Truth Or Dare

A small group of university mates decide to spend their last Spring Break in Mexico. On the last night of the holiday based on margarita and shottini the boys meet a peer who directs them to an abandoned church where they decide to play “obligation or truth”. But the game, alas, does not end with the return to university: an obscure force forces them to continue and gradually raise the stakes, forcing the boys to reveal more and more uncomfortable and painful truths and to engage in challenges that become literally matters of life or death. Will our heroes succeed in defeating the Mexican curse and bringing the skin home?
Obligation or truth is the umpteenth bet of the Blumhouse production company, specialized in low budget horror, which has successes like Scappa and Split, as well as larger (but commercially effective) works like Paranormal Activity.
Here, however, Blumhouse plays too much on the safe side, imposing the “obligation” to respect a prohibition on children tailored to the adolescent public, and respecting a narrative formula so rigidly codified as to be artificial.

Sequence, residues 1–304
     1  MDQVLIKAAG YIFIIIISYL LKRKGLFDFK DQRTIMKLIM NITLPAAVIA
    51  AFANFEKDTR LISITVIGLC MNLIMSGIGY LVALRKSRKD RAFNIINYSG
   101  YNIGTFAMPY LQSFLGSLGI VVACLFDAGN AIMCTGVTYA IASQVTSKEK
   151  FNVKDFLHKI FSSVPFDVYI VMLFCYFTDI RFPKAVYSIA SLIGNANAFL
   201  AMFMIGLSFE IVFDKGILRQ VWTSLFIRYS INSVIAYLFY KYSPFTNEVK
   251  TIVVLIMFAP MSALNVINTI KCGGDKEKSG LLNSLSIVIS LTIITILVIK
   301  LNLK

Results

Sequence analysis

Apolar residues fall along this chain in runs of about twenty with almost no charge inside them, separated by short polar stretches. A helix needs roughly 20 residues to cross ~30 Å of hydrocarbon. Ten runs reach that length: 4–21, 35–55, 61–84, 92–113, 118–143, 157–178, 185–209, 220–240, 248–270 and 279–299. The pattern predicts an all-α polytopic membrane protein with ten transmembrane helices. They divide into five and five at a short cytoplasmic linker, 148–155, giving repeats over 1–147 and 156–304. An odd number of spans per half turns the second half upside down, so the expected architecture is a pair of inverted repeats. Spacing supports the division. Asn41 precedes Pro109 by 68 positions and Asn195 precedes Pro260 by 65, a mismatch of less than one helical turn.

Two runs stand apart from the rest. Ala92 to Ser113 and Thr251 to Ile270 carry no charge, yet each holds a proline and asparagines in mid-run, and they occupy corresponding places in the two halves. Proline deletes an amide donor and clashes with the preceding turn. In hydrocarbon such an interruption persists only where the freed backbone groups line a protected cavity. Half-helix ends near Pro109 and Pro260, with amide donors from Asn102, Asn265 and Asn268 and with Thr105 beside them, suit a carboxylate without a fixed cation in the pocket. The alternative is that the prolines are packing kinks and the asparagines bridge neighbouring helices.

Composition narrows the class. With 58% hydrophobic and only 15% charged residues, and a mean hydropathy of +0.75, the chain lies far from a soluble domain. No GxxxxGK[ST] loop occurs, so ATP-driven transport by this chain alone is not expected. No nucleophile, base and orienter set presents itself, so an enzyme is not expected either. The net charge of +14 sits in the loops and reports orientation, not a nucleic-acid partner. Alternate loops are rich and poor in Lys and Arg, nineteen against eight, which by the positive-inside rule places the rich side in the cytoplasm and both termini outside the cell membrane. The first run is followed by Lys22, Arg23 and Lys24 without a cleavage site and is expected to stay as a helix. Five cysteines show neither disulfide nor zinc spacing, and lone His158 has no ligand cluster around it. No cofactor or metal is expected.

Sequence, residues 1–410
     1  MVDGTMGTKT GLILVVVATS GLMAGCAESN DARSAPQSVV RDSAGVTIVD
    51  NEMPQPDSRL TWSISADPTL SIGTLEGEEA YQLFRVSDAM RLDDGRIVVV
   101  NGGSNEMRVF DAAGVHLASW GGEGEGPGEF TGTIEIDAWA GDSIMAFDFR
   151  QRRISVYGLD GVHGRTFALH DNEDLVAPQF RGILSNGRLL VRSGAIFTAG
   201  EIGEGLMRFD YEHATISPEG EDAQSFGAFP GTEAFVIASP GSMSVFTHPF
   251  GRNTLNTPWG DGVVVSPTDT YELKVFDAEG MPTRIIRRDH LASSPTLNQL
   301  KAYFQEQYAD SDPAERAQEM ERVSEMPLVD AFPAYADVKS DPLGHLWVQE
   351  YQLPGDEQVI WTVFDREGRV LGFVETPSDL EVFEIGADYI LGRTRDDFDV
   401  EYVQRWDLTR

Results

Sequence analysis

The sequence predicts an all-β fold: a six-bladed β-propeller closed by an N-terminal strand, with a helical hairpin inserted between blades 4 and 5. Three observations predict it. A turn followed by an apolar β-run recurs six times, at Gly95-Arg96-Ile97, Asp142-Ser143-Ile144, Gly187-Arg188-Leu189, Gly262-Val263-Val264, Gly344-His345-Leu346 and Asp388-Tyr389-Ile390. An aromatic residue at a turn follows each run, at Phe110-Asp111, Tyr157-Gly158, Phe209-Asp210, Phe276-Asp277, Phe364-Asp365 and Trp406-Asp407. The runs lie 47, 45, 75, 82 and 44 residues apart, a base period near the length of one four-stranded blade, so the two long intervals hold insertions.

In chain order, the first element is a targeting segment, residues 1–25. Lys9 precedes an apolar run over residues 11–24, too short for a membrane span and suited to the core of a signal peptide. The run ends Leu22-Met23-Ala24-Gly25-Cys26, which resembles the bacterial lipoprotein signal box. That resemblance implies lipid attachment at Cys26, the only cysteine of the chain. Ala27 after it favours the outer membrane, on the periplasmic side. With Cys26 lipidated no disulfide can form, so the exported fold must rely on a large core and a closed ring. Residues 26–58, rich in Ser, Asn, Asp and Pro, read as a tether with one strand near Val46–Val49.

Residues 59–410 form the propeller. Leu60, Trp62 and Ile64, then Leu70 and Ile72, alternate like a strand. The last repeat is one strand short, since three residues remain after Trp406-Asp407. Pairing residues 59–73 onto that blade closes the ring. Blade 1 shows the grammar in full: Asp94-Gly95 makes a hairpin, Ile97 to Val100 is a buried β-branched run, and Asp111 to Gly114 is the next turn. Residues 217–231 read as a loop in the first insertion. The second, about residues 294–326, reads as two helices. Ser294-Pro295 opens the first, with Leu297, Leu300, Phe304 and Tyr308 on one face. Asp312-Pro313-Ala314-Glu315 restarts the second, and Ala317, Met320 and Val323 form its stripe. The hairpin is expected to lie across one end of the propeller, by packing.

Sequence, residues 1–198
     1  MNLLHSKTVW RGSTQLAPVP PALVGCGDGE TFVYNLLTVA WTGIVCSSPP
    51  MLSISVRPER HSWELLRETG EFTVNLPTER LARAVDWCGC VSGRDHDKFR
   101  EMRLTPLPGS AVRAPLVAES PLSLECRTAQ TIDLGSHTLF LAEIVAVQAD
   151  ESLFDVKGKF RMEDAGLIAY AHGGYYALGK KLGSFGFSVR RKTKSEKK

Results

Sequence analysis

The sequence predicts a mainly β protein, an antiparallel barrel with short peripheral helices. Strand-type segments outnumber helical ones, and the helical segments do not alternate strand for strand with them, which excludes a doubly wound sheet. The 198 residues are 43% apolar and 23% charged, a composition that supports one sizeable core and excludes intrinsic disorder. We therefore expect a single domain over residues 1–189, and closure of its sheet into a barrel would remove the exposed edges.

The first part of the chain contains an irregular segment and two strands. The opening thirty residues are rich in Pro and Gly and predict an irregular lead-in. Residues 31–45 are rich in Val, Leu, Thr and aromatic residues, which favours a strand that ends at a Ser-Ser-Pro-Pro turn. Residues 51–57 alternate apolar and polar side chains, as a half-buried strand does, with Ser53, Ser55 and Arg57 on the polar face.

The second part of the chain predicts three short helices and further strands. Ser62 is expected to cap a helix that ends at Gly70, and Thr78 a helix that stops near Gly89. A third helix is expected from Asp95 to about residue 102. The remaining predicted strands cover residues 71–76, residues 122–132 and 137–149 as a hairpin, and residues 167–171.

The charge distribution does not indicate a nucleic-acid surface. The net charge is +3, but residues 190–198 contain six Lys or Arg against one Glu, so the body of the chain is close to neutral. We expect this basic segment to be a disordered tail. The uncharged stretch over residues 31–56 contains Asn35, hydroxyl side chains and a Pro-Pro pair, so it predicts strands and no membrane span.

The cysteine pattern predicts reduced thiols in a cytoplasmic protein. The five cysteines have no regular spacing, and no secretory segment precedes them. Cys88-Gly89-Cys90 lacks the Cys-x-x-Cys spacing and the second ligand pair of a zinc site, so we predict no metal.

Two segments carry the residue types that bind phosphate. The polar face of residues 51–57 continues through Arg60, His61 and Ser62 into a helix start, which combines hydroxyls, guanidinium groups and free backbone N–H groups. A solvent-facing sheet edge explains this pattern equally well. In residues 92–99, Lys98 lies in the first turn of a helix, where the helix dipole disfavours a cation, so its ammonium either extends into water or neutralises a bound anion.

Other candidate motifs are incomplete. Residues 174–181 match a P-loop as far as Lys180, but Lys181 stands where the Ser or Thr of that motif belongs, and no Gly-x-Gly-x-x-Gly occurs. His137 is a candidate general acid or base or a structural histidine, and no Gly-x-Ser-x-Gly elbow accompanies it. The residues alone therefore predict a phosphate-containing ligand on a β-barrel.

There is the craft, by the director Jeff Wadlow, also screenwriter with Jillian Jacobs, Michael Reisz and Christopher Roach, and the story is followed, but the attention of the authors is more focused on the “soap” dimension of relations between the characters who criticize the tendency of everyone to hide from themselves and others the truth – the key to reading with greater horror potential – and to social media, capable of spreading every type of message in a viral (and virulent) manner. The most interesting genre concept, especially by Blumhouse Productions, is to convey the deepest concerns of the contemporary through horror, describing in a metaphorical form those dynamics that escape the narrative narrative.

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